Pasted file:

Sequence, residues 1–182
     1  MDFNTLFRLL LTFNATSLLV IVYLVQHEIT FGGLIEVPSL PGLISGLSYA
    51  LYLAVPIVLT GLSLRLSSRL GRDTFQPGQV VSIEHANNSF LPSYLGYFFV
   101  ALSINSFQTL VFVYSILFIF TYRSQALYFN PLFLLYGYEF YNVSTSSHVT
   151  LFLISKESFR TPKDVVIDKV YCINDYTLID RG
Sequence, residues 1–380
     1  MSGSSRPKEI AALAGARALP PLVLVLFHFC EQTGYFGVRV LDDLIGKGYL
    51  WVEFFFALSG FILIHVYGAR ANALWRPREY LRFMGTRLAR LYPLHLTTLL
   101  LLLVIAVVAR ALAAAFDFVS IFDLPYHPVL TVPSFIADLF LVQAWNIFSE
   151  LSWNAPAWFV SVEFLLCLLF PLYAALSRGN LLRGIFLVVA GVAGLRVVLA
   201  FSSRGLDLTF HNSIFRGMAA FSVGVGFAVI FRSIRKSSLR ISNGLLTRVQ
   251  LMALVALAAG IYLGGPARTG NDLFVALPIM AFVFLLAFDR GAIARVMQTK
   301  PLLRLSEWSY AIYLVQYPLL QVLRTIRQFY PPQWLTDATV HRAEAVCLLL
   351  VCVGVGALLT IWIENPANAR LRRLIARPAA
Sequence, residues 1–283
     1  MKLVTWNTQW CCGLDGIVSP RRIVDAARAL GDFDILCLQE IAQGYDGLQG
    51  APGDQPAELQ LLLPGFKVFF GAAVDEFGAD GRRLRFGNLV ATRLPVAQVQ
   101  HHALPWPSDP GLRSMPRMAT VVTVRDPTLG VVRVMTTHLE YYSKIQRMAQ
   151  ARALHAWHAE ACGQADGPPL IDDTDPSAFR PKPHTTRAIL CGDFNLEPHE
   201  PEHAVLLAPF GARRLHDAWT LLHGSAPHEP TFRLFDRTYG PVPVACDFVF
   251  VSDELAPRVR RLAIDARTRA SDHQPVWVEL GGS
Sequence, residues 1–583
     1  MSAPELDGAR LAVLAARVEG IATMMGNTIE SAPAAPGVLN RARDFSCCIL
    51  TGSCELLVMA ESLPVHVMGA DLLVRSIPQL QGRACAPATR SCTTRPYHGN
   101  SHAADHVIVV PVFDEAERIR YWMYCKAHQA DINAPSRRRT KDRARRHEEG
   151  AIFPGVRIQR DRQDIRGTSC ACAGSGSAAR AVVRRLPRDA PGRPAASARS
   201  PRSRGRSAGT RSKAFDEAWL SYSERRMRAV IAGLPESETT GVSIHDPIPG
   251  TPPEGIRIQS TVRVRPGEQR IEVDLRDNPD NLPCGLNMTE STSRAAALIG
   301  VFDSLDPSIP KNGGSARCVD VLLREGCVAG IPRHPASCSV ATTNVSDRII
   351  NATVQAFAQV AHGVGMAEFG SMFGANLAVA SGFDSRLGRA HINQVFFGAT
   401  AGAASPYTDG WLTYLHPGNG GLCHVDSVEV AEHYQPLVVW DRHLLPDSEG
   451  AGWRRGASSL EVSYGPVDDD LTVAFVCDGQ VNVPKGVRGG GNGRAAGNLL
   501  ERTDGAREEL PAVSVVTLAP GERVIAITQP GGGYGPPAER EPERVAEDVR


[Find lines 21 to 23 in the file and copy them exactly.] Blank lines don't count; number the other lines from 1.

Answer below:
   251  VSDELAPRVR RLAIDARTRA SDHQPVWVEL GGS
Sequence, residues 1–583
     1  MSAPELDGAR LAVLAARVEG IATMMGNTIE SAPAAPGVLN RARDFSCCIL